He said someone told him once that you can make any situation better by putting love into it and he is starting to think that’s true. “I wish I’d learned these lessons earlier. You just gotta do the next right thing. Simple. That’s all.”

I asked Tyrone if he would get in trouble if I gave him something. “Yeah, maybe. I don’t know. I think they worry more about money, like they don’t want us to be taking no tips. Really? Tips? Ha!” His good-humored laugh took any sting out of the words. I told him I wanted to give him something, but it wasn’t a tip, it was just a gift for the holidays.

“It’s legit,” I said. “But I don’t want to get you in trouble.” I gave him the C-note and he slipped it into his pocket. “Oh, thank you so much.” He turned away, fighting back emotion. “Look,” I said.”If anyone asks about it, they can check it out. I’ll write down my name.”

I showed him some pictures on my iPod and he asked if I could email him a photo of the two of us. He called a woman over and put his arm around me as she held the camera up to her eye.

He wrote down his email address and I said I would send him the picture. I patted at my hair, laughing about a chunk that I could see sticking up in the photo. “It’s down now,” he said, smiling. We shook hands.

I stepped back outside into the drizzle. Somehow, it didn’t feel cold at all. The guy I had seen at the lottery ticket machine was at the bus stop. “Any luck?” I asked. “Nope, not today,” he said. “Maybe next time,” I offered. “Yeah. Maybe next time.”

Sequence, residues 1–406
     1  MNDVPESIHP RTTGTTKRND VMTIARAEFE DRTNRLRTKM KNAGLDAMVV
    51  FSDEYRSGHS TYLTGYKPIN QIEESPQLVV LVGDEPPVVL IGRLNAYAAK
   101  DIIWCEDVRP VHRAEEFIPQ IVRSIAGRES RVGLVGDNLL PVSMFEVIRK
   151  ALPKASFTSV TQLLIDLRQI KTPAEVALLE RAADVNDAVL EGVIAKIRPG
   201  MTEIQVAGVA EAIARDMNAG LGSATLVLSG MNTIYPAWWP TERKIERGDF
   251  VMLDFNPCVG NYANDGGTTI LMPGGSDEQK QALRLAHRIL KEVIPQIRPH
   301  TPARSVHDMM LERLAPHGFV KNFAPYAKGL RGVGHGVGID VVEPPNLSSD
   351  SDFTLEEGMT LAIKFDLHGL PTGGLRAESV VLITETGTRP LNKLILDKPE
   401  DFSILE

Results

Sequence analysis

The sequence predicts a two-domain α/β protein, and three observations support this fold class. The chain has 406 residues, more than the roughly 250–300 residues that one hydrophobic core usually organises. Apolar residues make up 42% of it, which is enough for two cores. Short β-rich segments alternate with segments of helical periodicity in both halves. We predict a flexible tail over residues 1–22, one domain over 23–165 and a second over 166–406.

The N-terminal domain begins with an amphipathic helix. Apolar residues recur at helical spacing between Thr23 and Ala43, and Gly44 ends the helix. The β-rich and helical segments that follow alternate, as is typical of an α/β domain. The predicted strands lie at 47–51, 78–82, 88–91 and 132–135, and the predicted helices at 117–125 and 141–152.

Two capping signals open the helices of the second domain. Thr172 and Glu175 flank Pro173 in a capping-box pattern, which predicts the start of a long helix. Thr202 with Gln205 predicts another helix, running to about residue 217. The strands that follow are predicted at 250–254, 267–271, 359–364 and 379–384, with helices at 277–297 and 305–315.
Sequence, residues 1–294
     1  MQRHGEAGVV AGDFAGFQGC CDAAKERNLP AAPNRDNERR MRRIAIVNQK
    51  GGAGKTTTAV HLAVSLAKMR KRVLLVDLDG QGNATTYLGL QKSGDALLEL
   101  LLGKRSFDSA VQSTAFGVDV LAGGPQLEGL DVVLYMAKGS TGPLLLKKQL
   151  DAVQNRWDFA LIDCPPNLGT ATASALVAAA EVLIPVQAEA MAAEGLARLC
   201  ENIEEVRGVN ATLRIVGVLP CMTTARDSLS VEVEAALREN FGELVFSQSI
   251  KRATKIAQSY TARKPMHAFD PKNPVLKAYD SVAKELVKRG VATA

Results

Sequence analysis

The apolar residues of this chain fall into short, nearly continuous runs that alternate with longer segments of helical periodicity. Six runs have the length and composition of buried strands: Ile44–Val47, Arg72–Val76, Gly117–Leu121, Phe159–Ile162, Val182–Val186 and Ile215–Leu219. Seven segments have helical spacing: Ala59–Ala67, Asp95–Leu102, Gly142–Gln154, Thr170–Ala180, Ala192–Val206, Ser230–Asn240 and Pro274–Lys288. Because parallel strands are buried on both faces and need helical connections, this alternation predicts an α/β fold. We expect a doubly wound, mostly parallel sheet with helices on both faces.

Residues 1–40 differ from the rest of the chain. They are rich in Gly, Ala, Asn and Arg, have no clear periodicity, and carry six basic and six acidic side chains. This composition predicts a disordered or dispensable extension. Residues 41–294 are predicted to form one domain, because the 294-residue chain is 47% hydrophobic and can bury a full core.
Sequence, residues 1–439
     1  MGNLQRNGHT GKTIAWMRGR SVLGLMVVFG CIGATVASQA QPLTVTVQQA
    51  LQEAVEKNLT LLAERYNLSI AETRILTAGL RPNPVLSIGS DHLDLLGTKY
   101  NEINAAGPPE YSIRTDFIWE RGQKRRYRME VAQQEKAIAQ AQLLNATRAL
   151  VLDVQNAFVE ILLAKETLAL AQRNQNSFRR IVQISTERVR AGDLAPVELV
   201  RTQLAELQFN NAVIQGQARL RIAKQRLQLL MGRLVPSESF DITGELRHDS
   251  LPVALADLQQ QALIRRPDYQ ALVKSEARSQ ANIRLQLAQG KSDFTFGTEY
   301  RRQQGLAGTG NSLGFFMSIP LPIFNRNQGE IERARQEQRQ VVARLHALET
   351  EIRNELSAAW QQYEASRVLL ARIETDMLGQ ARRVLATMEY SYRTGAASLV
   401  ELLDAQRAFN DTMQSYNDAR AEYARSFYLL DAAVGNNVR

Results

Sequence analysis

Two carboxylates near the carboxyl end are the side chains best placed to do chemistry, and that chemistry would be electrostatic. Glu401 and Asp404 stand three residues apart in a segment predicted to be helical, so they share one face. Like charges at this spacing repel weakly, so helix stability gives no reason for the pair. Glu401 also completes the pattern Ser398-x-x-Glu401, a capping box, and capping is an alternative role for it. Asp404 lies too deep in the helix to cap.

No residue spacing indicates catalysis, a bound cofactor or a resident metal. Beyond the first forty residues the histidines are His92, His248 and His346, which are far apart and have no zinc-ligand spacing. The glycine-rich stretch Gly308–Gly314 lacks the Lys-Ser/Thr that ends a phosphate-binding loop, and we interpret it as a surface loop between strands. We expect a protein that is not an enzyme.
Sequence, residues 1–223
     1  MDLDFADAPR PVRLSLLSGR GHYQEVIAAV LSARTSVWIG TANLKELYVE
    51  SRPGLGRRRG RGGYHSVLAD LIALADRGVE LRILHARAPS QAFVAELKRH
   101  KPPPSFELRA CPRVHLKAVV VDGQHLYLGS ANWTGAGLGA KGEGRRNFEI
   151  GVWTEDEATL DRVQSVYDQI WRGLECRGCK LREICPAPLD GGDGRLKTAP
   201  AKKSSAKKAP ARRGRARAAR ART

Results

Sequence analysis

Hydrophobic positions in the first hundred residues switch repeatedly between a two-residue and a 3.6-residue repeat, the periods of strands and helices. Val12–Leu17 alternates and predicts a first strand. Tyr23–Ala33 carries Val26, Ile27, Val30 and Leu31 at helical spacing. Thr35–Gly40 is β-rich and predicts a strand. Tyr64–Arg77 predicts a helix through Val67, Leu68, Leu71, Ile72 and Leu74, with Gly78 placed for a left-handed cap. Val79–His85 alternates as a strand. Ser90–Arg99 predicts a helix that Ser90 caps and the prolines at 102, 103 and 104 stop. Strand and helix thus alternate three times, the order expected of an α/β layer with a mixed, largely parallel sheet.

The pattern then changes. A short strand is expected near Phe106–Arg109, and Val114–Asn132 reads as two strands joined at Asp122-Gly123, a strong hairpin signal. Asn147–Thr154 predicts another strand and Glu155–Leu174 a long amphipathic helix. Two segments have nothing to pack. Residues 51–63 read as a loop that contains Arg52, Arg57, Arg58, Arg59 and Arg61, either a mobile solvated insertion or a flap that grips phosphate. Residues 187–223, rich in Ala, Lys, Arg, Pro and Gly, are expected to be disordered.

That's Tyrone and me

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24 Responses to The Next Right Thing

  1. Jill says:

    So cool. I have become more assertive but I do it with 20s.

  2. DJan says:

    Tyrone sounds like a kindred spirit, filled with love and respect for others, and ready for kindness to take him by the hand. Lovely story, Jill. I loved it, as usual.

  3. Jill,

    It seems you are now drawn to just the right people! If you were unsure during your Month of Hundreds, you’ve now developed an amazing ability to connect with the people who not only love what you’re doing, but make you feel fabulous about gifting them with the C-note.

    As we move into the season of holidays, it is especially good to read your posts. I love the unique perspective you have put on them for me.

    If you were here, I’d give you a big hug!

  4. Ginny says:

    You did again and that makes me so happy to see the people you find to give to. Too bad there isn’t more like him around.
    You good great in your picture with him,so happy.

  5. Renee says:

    I love reading what you write. Yeah, I love hearing the stories and learning about the connections you make on this amazing journey. But really, most of all, I just like to “hear” you. I love your written voice. Thank you for inviting us to share the voice and the stories.

  6. Penny Gruver says:

    smiling at you!

  7. Pru McDonald says:

    Another WONDERFUL winner, another GREAT choice of recipient! And yes, you write it all so well! I have spent a good part of the day writing and calling friends who have suffered from illness or bad news, to cheer them up, to do my good deeds for the day, to tell them I hold them in my heart and in my thoughts. It almost depressed me, because there were so many who needed cheering.